Tech layoffs continue after ‘Year of Efficiency’
By Aditya Soni and Chavi Mehta
(Reuters) – Big Tech’s “Year of Efficiency” may be over but recent layoffs at Google and Amazon have signaled the firms will keep cutting jobs in 2024 as they make big investments in generative AI.
Analysts and industry experts believe the layoffs would be smaller and more targeted this year, with firms that are racing to catch up in the AI race more likely to make such moves to offset the billions of dollars they are spending on the tech.
Alphabet suggested that last week, saying it plans to invest in its “biggest priorities” as the Google parent laid off around a thousand employees across multiple divisions, including in its voice assistant unit and team responsible for Pixel and Fitbit.
Even its advertising business was not spared, with a report on Tuesday saying that hundreds of jobs were being cut at the unit.
Amazon.com laid off several hundred employees in its streaming and studio operations last week. Hundreds of jobs were also cut in its Twitch live-streaming platform and Audible audiobook unit, according to media reports.
Overall, tech firms have let go more than 7,500 employees so far in January, according to tracking website Layoffs.fyi.
“No company wants to get left behind by the AI revolution and they are all making sure they have these capabilities and are prioritizing them, even when it is at the expense of other initiatives,” D.A. Davidson & Co analyst Gil Luria said.
Both Google and Amazon are aggressively investing in their AI efforts. Google, which is trying to close the gap with Microsoft in the AI race, last month unveiled its long-awaited Gemini model, while Amazon is developing a model codenamed “Olympus” to compete with ChatGPT-maker OpenAI’s GPT-4 model.
Still, the total size of the layoffs is expected to be much smaller, compared with last year’s massive cuts, as tech spending picks up on the back of a more stable economy.
The tech sector shed 168,032 jobs in 2023 and accounted for the highest number of layoffs across industries, according to a report by Challenger, Gray and Christmas earlier this month.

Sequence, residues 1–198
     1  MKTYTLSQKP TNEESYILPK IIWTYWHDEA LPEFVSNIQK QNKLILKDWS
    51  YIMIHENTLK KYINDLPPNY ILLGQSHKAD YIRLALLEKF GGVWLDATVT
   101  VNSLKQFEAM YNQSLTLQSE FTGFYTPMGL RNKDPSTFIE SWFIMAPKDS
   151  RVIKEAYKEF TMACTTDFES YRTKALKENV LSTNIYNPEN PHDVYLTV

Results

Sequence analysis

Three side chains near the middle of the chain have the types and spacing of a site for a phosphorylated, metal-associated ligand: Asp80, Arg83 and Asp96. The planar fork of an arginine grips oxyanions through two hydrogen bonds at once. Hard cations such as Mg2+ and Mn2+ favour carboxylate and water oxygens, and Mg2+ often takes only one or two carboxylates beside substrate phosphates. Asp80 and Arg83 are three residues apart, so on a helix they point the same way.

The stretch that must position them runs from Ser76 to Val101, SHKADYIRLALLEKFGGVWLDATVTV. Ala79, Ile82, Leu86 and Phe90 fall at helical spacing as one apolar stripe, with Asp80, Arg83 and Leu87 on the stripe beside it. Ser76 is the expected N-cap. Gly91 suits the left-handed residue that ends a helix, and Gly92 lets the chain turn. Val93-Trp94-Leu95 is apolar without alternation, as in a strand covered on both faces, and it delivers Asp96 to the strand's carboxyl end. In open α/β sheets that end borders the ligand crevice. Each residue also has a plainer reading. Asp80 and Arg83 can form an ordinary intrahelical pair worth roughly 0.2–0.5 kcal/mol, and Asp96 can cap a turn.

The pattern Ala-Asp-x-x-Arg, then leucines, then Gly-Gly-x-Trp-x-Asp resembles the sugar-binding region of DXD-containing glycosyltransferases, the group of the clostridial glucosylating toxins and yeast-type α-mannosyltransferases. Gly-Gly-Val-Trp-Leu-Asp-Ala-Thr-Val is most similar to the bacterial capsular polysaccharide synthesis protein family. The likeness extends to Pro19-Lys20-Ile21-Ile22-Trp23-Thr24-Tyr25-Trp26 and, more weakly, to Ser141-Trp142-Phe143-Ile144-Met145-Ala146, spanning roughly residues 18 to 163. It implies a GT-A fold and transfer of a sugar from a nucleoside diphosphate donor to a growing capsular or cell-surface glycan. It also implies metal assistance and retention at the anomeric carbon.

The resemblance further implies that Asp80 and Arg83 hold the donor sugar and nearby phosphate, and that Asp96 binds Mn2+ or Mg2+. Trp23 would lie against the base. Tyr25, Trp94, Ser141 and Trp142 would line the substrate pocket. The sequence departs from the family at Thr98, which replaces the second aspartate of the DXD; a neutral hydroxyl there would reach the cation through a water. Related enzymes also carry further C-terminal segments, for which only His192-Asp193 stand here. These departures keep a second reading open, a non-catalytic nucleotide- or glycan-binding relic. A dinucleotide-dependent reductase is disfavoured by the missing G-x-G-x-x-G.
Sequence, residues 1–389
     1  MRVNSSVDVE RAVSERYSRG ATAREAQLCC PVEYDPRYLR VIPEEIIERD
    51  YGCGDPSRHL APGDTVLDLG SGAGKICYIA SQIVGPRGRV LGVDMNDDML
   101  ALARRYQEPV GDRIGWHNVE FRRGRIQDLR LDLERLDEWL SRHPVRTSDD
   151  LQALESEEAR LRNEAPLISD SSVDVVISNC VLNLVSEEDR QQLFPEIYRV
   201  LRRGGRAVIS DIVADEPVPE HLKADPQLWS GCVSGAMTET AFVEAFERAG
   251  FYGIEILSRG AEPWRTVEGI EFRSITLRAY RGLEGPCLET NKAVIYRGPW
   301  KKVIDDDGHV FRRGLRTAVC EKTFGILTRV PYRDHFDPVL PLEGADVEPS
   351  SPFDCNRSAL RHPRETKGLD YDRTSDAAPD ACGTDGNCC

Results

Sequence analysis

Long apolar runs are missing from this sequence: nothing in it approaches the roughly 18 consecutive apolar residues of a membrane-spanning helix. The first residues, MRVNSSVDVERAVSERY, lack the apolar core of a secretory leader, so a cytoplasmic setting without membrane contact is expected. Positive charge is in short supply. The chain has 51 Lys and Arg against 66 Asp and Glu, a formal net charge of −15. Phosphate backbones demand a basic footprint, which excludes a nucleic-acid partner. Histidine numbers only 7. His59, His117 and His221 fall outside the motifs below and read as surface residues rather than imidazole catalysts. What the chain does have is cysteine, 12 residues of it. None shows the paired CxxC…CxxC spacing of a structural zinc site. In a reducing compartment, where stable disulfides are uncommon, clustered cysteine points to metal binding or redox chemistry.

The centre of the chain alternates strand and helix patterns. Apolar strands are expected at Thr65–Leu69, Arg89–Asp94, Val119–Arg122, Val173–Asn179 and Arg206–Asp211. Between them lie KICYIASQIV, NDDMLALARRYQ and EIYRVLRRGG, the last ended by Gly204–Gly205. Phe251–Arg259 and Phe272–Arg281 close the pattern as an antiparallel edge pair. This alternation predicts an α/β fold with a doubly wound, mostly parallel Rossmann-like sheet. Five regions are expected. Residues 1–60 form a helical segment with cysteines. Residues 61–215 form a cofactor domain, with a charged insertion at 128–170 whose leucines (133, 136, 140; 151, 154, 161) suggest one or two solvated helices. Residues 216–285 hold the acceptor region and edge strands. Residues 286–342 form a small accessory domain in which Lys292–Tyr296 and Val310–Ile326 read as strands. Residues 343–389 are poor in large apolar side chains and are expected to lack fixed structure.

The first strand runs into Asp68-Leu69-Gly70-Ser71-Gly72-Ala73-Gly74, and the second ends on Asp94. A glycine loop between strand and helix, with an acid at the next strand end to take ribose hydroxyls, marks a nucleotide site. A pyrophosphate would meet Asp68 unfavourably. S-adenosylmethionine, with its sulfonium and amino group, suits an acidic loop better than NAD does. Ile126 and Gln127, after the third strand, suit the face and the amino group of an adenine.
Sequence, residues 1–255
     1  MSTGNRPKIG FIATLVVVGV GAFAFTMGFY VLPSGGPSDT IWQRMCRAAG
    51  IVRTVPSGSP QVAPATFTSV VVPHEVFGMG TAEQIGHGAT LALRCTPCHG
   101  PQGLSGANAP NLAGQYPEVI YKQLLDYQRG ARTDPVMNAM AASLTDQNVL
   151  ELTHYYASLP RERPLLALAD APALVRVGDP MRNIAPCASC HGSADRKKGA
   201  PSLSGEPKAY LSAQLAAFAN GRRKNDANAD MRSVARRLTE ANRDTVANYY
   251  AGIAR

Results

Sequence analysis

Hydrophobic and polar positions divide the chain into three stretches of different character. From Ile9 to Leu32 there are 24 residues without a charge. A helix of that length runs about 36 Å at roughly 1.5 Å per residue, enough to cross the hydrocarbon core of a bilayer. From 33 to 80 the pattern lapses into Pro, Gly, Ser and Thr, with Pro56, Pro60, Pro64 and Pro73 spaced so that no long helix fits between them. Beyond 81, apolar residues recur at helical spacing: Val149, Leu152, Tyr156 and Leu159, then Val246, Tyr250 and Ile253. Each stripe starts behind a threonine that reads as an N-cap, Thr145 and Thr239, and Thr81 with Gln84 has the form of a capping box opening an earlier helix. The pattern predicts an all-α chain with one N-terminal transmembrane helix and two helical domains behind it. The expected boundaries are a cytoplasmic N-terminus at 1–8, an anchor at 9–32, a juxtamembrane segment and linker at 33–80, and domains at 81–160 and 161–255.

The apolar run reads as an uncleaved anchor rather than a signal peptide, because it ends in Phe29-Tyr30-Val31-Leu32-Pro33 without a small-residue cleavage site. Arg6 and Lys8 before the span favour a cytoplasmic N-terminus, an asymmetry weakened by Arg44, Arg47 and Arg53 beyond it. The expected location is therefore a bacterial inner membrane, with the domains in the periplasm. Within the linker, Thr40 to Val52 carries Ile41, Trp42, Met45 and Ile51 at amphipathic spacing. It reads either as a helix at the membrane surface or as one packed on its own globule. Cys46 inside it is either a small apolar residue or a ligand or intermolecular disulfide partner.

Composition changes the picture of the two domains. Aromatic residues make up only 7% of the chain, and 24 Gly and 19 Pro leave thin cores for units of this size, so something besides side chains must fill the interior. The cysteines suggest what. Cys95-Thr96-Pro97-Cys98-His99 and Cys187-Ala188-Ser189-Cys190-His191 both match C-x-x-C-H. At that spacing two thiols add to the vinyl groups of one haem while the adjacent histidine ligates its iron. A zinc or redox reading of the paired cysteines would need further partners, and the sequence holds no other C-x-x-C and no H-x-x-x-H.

Those were led by tens of thousands of cuts at tech giants including Alphabet, Microsoft, Amazon and Meta, whose CEO Mark Zuckerberg termed 2023 as the “Year of Efficiency”.
“I don’t think there will be a similar reckoning. (Last year) tech firms were shedding all these employees they hired during the pandemic,” said GlobalData analyst Beatriz Valle.
“AI is driving a lot of dynamism but this only means that tech companies will be changing their hiring priorities.”
Some tech firms have been offering hefty salaries for AI roles, with a report saying last year that Match’s Hinge dating app was looking for a vice president of AI with a base salary of up to $398,000 a year and that Amazon was offering a top salary of $340,300 for a senior manager of applied science and genAI.
The spending is expected to deepen investor expectations on the returns from genAI, but the payoff for most companies could take longer to play out, according to analysts and experts.
So far, only Microsoft and chip giant Nvidia have emerged as big winners from the boom.
Daniel Keum, an assistant professor of management at the Columbia Business School, said past evidence shows it can take a decade or more to profitably make money from new technologies.
“The question is ‘is it different this time for AI?’ I am pessimistic, but many smart people believe it will be much shorter this time,” he said.
(Reporting by Aditya Soni, Chavi Mehta, Jaspreet Singh and Samrhitha A in Bengaluru; Editing by Anil D’Silva)